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Colloquium on Computational Biomolecular Science database (http://genome-www.stanford.edu/Saccharomyces), of which 833 had no confirmed function (26). We applied the IDENTIFY database to each translated ORF, and assigned a predicted function based on matches to motifs. Table 1 shows how many ORFs are identified by motifs at each level of specificity. For example, using the motifs at a specificity of 10 10, we assigned putative functions to 61 ORFs. Forty-one of these had no annotation whatsoever, indicating that other methods (e.g., BLAST, PROSITE, etc.) had failed to identify any significant homology to a known protein. Based on the calculated specificity of the motifs, along with the number of motifs and size of the ORFs database, the expected number of false positives is 0.02, so it is highly likely that all of the assignments are correct. Relaxing the procedure a little by using motifs with specificity at least 10 9 produces 86 assignments, including 59 not previously annotated. Again, the expected number of false positives is less than one. At the other end of the spectrum, the 10 7 set produced 172 predicted functions, but the expected number of false positives is 17. To test these 172 predictions, we compared our results with those in the Sacch3D database (http://genome-www.stanford.edu/Sacch3D) (S.Chervitz, J.M.Cherry, and D.Botstein, personal communication). This database compares each of the translated ORFs in S.cerevisiae against proteins of known structure by using sensitive alignment and threading approaches. Of the 833 unidentified ORFs, 83 had functions assigned by Sacch3D alone. 124 had functions assigned by IDENTIFY, and 48 had functions assigned by both programs. Of the 48 functions assigned by both programs, all assignments were identical. Overall, 255 of the unidentified ORFs had a putative function assigned by one or both of the programs. We analyzed our results at the level of motifs. The BLOCKS and PRINTS databases often contain several sequence alignments for a given family of proteins. Each alignment corresponds to a different conserved segment of the protein. On average, these databases contain three sequence alignments per protein family. Therefore, a match of a sequence to several distinct motifs from the same family provides independent confirmations of the predicted function. In the 48 ORFs with functions assigned by both IDENTIFY and Sacch3D, the IDENTIFY database matched 137 distinct motifs. Of these 137 motif matches, 129 of the predicted functions were the same as those of Sacch3D. We believe that independent predictions of function provides an indication of the reliability of motif matches by IDENTIFY. Whole Genome Analysis. We applied IDENTIFY to search for functions in all ORFs in several genomes including S.cerevisiae, Haemophilus influenzae, and Methanococcus jannaschii. To assess the performance of IDENTIFY, we tested our assignments against the annotations for each genome as follows. For those ORFs with annotations, we extracted keywords from the description, ignoring common words such as protein, enzyme, and domain. We also extracted significant keywords from the associated entry for the motif from the BLOCKS or PRINTS sequence alignment databases. We considered an assignment correct if the significant keywords from the genomic annotation matched significant keywords from the alignment annotation. If there was no match, then the prediction was incorrect, or the annotations were either insufficient or described Table 1. Assignment of function to 833 yeast ORFs of unknown function Specificity # ORFs assigned # ORFs assigned with no annotations # Motifs assigned Expected # of false motif assignments 10 10 61 41 179 0.02 10 9 86 59 238 0.2 10 8 103 69 301 1.7 10 7 172 121 488 17 the same function differently. To decide among these alternatives, we examined each of the remaining predictions manually (4,647 in total over three genomes). Table 2 summarizes the predictions for the seven genomes by using motifs from IDENTIFY at different levels of specificity. For each genome and level of specificity, the third column shows the number of correct predictions, as determined by automatic keyword matches. The fourth column contains the number of predictions that could not be verified by automatic keyword matching, but were found to be correct by manual inspection. In the fifth column are the number of predictions that were not confirmed by the annotations. Many of these cases corresponded to ORFs without annotations, whereas other cases showed conflicts between the annotated function and the function predicted by IDENTIFY. The conflicting predictions may be incorrect or may perhaps be plausibly related to the annotated functions. The sixth column shows the number of incorrect predictions expected by chance, based on the number of motifs, their specificity, and the size of the genomes. In the bacterial genomes and in the yeast genome with the most specific motifs, there was less than expected incorrect predictions. The seventh column shows the number of ORFs for which a function was predicted correctly by IDENTIFY. This is different from the number of correct predictions, because each ORF may match several motifs in the database, each resulting in a predicted function. The eighth column shows the total number of ORFs in the entire genome, and the final column shows the percentage of ORFs for which a function was predicted by IDENTIFY. Depending on the level of specificity used, the IDENTIFY program predicts functions that match the genomic annotation for 22 26% of ORFs in the yeast genome, 28 30% of the ORFs in H.influenzae, and 9 11% of the ORFs in M. jannaschii. The relatively few predictions for M.jannaschii may be because of its evolutionary divergence from those species that have been sequenced more extensively. In addition, the IDENTIFY program predicts several functions that are not confirmed by the genome annotations. Based on a 10 9 level of specificity, we predict novel functions in 31 ORFs in yeast, 33 ORFs in H.influenzae, and 21 ORFs in M.jannaschii. On the average, three motifs are assigned to each ORF that is identified. These ORFs often represent distinct BLOCKS or PRINTS alignments from a single protein family, thus supporting each other in the assignment of a particular function to a protein. Because these ORFs often confirm or support each other, the probability of a false positive prediction is likely to be much less than that of a single motif match. DISCUSSION Principled Motif Generation. Motifs, including those in the PROSITE database (17, 18), generally have been generated manually. In this paper, we introduce a method for generating motifs automatically. Automated methods are becoming increasingly important as sequence databases grow. An automated method requires knowledge about sequence conservation. For EMOTIF, this knowledge is encoded as an allowed set of amino acid substitution groups. Although we have presented a empirical analysis that supports a certain set of groups (Fig. 1), the algorithm may be easily adapted to use other sets of amino acid substitution groups. For instance, substitution groups based on chemical principles (27, 28) may be appropriate in certain cases. Other researchers have generated motifs from a predefined set of substitution groups (29, 30), but these sets of allowable groups often have been too limited. Previous sets of substitution groups generally have been mutually exclusive, meaning that each amino acid may belong to only a single group. In contrast, we use overlapping groups, which allows each amino acid to belong to more than one group. This is biologically

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Colloquium on Computational Biomolecular Science Table 2. Genomes scanned by using IDENTIFY Genome Specificity Total motifs assigned & verified Motifs verified manually Assignments unverified Expected false assignments ORFs identified Total ORFs %of total ORFs identified S.cerevisiae 10 10 4,442 909 9 0 1,345 6,220 22% 10 9 4,679 1,027 31 5 1,466   24% 10 8 4,994 1,114 124 42 1,621 26% H.influenzae 10 10 1,804 644 11 0 479 1,697 28% 10 9 1,899 703 33 0 503   30% M.jannaschii 10 10 349 115 3 0 157 1,680 9% 10 9 403 135 21 0 192   11% M.genitalium 10 10 297 75 4 0 96 467 21% 10 9 331 87 7 0 108   23% Syn. sp. 10 10 1,369 389 21 2 447 3,169 14% 10 9 1,569 461 34 20 513   16% M.pneumoniae 10 10 304 75 6 0 101 677 15% 10 9 350 89 8 0 117   17% H.pylori 10 10 476 100 16 0 200 1,566 13% 10 9 576 121 18 0 233   15% The ORFs encoded in the genomes of S.cerevisiae, H.influenzae, and M.jannaschii were scanned by using the IDENTIFY database. The motif assignments then were verified as described in the text. The number and percentage of ORFs identified by these motif assignments also were calculated. On average. approximately three motifs were assigned to each ORF that was identified. appropriate, because each amino acid has several properties and can serve different functions, depending on the biochemical context. In some contexts, the size of an amino acid may be critical; in others, its charge may be the conserved property. By using only an allowed set of substitution groups, we avoid the problem of overfitting, which occurs commonly when motifs are generated manually. Overfitting occurs when a motif is designed to cover all variability in a training set, even when such variability may be caused by errors or may not be biologically meaningful. Errors in training sets may arise for a variety of reasons: (i) the sequence data may contain errors, including insertions, deletions, or substitutions; (ii) one or more sequences may be misaligned; (iii) the sequences may be contaminated, meaning that some sequences in the alignment may not truly belong to a particular family; or (iv) the family may contain subfamilies or subclasses, each of which may generalize well individually, but not together. Biologically meaningless variation occurs when the observed variation is caused by mutations that do not affect the structure or function of the protein. For instance, if a position in a protein family were to contain one example each of alanine. cysteine, and valine, the observed variation likely would be biologically meaningless because we know of no chemical or physical reasons that these three amino acids should be conserved together. Therefore, a motif that contains the group [ACV] would be an example of overfitting the data. A biologically meaningful generalization of the observed variation would depend on the available substitution groups. In our set of substitution groups, these three amino acids would be generalized by the wild-card character. Nevertheless, groups that are difficult to interpret biologically, such as [ACV], occur frequently in prosite. In that database, motifs are constructed by using 867 distinct amino acid substitution groups. A few groups are used frequently, such as [ILMV], which occurs 826 times in prosite. In fact, the 20 most frequently used groups account for 60% of the groups used by motifs in prosite. On the other hand, the vast majority of distinct groups more than 70% occur in only a single motif, and an additional 13% of groups occur in only two motifs. These groups are probably examples of overfitting. Overfitting is of concern in machine learning, because at some point, further fitting of the training set worsens performance on future test sets. For example, the group [ACV] may cover the training set entirely, but it does not allow for any other amino acid at that position, which may worsen predictive power if, in fact, there is no true conservation at that position. Enumeration Strategy. EMOTIF uses an enumeration strategy that generates all possible motifs for a given protein family. It is somewhat surprising that, in most cases, EMOTIF is able to enumerate all motifs within a few seconds. Most enumeration strategies in computer science are impractical because the space of solutions is typically so large that a complete enumeration cannot be performed in tractable time. In fact, in an early version of a motif generating program called SeqClass (31), we used a heuristic search strategy to find the single best motif. However, heuristic search strategies are not guaranteed to find the globally optimal solution. On the other hand, an enumerative strategy, if tractable, will guarantee an optimal solution. The tractability of EMOTIF relies on the fact that sequences in a protein family are related, so a single motif may be the most specific one for many different subsets of the training set. Therefore, the space of possible motifs often is limited in practice by the amount of variability possible in the protein family. For additional efficiency, EMOTIF sets a lower limit on coverage of the training set; motifs that cover less than 30% of the training set are not enumerated. The value of 30% still enables EMOTIF to recognize up to three equal-sized subfamilies. Enumeration affords three major advantages over heuristic search. First, as mentioned above, it guarantees finding the optimal motif for a particular criterion. Second, an enumeration approach finds optimal motifs for multiple criteria simultaneously. For example, EMOTIF provides optimal motifs for a wide range of specificities, each of which may be useful for a particular task. For example, scanning an entire database may require highly specific motifs, whereas characterizing a single protein sequence may require motifs with much lower specificity. A single run of EMOTIF on a single protein family will find the optimal motif at each level of specificity in advance. We have exploited this advantage in constructing the IDENTIFY database, which provides optimal motifs at different levels of specificity for different tasks. The third advantage of an enumeration strategy is that it produces a two-dimensional graph, such as in Fig. 3, which characterizes variability in a protein family. The graph provides clues about possible subfamilies, as exemplified by the -, -, and -tubulins. In addition, the shape of the Pareto-optimal line also gives insight into the structure of the set of sequences. Bulges in the line toward the lower right indicate clusters of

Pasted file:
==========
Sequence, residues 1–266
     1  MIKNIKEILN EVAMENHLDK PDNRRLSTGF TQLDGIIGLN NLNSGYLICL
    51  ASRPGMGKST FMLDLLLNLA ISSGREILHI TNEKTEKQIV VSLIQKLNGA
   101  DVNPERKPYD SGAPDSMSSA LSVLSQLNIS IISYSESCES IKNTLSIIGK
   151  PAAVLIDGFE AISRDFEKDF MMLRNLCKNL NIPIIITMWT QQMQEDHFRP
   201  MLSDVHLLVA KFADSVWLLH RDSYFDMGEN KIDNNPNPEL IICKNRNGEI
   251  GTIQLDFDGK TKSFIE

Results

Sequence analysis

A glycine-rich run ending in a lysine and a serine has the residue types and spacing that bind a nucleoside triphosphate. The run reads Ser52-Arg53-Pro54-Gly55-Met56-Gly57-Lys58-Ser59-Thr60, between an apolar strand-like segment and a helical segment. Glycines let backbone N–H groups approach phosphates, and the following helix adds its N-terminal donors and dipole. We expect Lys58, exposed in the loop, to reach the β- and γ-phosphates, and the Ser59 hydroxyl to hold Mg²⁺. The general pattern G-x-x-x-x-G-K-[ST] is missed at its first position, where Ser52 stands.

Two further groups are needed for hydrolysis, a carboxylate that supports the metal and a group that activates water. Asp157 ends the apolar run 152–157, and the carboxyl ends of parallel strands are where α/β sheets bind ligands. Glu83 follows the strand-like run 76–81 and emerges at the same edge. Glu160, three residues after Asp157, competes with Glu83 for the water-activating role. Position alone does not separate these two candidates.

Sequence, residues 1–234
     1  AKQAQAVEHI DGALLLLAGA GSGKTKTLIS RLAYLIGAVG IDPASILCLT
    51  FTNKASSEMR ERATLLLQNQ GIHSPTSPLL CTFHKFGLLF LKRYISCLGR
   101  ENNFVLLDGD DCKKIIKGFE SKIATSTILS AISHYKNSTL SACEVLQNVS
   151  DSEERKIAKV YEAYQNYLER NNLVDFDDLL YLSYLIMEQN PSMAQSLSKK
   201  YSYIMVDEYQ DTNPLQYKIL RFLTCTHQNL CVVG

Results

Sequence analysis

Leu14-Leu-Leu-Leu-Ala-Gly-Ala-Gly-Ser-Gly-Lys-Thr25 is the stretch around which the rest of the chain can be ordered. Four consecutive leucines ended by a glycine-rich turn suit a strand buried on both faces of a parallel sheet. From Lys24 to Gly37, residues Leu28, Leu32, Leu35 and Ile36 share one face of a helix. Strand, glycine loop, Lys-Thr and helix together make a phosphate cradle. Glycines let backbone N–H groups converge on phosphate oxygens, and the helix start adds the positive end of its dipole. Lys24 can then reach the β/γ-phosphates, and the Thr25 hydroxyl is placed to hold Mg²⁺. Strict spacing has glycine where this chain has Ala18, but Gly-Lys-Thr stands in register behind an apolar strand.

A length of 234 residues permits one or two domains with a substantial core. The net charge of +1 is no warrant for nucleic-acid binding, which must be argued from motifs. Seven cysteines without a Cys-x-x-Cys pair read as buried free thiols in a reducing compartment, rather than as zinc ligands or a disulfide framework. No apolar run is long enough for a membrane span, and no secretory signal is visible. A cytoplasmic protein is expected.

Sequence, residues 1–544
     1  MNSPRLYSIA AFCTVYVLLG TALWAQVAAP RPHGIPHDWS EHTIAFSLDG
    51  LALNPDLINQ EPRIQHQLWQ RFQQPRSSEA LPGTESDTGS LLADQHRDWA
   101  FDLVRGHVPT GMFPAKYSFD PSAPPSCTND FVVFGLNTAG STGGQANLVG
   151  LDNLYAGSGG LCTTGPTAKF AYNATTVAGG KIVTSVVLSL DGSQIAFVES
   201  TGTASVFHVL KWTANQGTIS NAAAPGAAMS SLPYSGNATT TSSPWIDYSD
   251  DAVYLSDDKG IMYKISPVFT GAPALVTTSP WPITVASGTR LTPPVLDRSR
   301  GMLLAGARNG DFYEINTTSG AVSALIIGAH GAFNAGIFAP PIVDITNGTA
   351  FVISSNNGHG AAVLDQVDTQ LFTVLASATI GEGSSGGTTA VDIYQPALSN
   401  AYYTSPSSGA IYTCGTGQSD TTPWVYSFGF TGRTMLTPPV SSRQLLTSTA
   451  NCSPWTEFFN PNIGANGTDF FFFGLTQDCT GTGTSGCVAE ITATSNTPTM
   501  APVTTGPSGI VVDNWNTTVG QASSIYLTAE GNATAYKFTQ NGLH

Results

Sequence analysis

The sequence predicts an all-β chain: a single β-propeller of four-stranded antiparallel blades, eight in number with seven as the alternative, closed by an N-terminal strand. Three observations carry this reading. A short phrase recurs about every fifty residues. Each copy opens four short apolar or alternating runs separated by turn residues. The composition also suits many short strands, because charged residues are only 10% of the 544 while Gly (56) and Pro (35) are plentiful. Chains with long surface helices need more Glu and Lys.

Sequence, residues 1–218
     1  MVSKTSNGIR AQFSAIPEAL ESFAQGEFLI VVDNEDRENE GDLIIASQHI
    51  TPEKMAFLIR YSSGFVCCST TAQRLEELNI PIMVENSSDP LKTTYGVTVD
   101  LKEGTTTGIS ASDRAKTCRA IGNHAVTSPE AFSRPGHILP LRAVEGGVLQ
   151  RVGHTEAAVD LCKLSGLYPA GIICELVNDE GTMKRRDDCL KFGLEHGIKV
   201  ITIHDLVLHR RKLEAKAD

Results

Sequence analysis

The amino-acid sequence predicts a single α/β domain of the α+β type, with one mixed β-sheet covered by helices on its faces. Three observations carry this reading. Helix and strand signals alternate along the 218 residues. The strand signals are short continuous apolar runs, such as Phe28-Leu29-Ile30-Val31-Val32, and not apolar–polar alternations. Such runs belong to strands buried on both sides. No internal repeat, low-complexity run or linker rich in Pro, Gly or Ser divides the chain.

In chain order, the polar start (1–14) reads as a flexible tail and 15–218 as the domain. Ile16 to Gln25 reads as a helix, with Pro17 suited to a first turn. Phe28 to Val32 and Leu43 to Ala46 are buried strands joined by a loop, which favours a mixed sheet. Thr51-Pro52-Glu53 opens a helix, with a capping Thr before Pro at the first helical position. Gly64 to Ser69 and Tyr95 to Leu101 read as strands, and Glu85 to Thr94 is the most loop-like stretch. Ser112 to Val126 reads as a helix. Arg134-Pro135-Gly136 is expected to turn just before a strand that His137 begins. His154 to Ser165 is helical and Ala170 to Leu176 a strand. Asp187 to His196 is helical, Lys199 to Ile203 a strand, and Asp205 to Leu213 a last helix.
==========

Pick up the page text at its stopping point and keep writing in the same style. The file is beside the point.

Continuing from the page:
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Colloquium on Computational Biomolecular Science sequences, whereas a hyperbolic line along the top and left of the graph results from sequences that form no discernible clusters. Finally, the graph helps users view the tradeoff between coverage and specificity for various motifs and allows them to select motifs interactively. Assigning Function to Novel Proteins. The motifs in the IDENTIFY database are particularly valuable for assigning function to newly sequenced proteins, either individually or in large-scale searches. Motifs are particularly well-suited to large-scale searching tasks. Motifs can be used to search a database very quickly, and many fast algorithms for performing regular expression searches exist. In addition, because motifs in the IDENTIFY database are characterized by their specificity, a search using motifs can be tailored to provide maximum sensitivity for a given desired level of specificity and to minimize false positives. Each motif also is linked to the BLOCKS or PRINTS databases, which describe the family of proteins from which it was derived. Because these protein families typically have several members, a match to a motif may provide an association with several other members of the family. In addition, when a match to a motif is obtained, that motif may be used to search sequence databases, such as SWISSPROT and GenPept. for other proteins that share this motif. This function, which is implemented in IDENTIFY, provides all sequences that may share a closely related form of the motif and thereby represent a particular subfamily containing the motif. More importantly, most families in the PRINTS and BLOCKS databases are represented by several motifs, each corresponding to a different conserved region of the family. On average, each family has 3–4 conserved regions. The presence of multiple conserved regions increases the sensitivity of a search using motifs. Furthermore, they provide additional certainty about a functional assignment, above the statistical estimate of significance, when several independent motifs match a given unknown sequence. Motifs, such as those in IDENTIFY, are useful for assigning functions to proteins even in the absence of any homology apart from the limited motif regions. Unlike similarity search methods that weight every position in a sequence alignment to some extent, motifs evaluate only those positions that show conservation in the training set. Hence, motifs can discover function and assign a protein to a family even if that protein is so distantly related that it shows no sequence similarity outside the motifs. This explains why IDENTIFY can assign function to 172 proteins from the yeast genome that have no significant homology to any known protein. The frequency with which IDENTIFY assigns function to these nonhomologous proteins (172/833=21%) is somewhat less than the frequency with which IDENTIFY assigns function to the bulk of the yeast proteins (1,621/6,220=26%). The ability of motifs to assign function by using only homology at particular positions makes them particularly useful for evaluating newly sequenced genomes such as M.jannaschii, most of whose proteins are not homologous to other organisms. Currently, IDENTIFY assigns function to about 25–30% of novel protein sequences. This limit reflects, among other things, the fraction of newly sequenced proteins that share at least one motif with a current protein family present in the BLOCKS or PRINTS databases. As more genomes are sequenced and more protein families are defined in these databases, IDENTIFY should be able to assign function to a larger fraction of proteins. Despite this current limitation, IDENTIFY is a valuable tool for assignment of function to newly sequenced proteins, especially in those cases where there are no significant sequence similarities by alignment, profile, or hidden Markov methods. Availability. Access to the EMOTIF and IDENTIFY programs is available over the Internet at http://motif.stanford.edu/emotif and http://motif.stanford.edu/identify. Nonprofit institutions wishing to install the programs locally may send requests to D.L.B. (brutlag@stanford.edu). Commercial and for-profit institutions can license the programs from Pangea Systems Inc. or from Stanford’s Office of Technology Licensing. This work was supported by a grant from SmithKline Beecham Pharmaceuticals and by Grant LM 05716 from the National Library of Medicine. T.D.W. is a Howard Hughes Medical Institute Physician Postdoctoral Fellow. 1. Scharf, M., Schneider, R., Casari. G., Bork, P., Valencia, A., Ouzounis. C. & Sander, C. (1994) ISMB 2, 348–353. 2. 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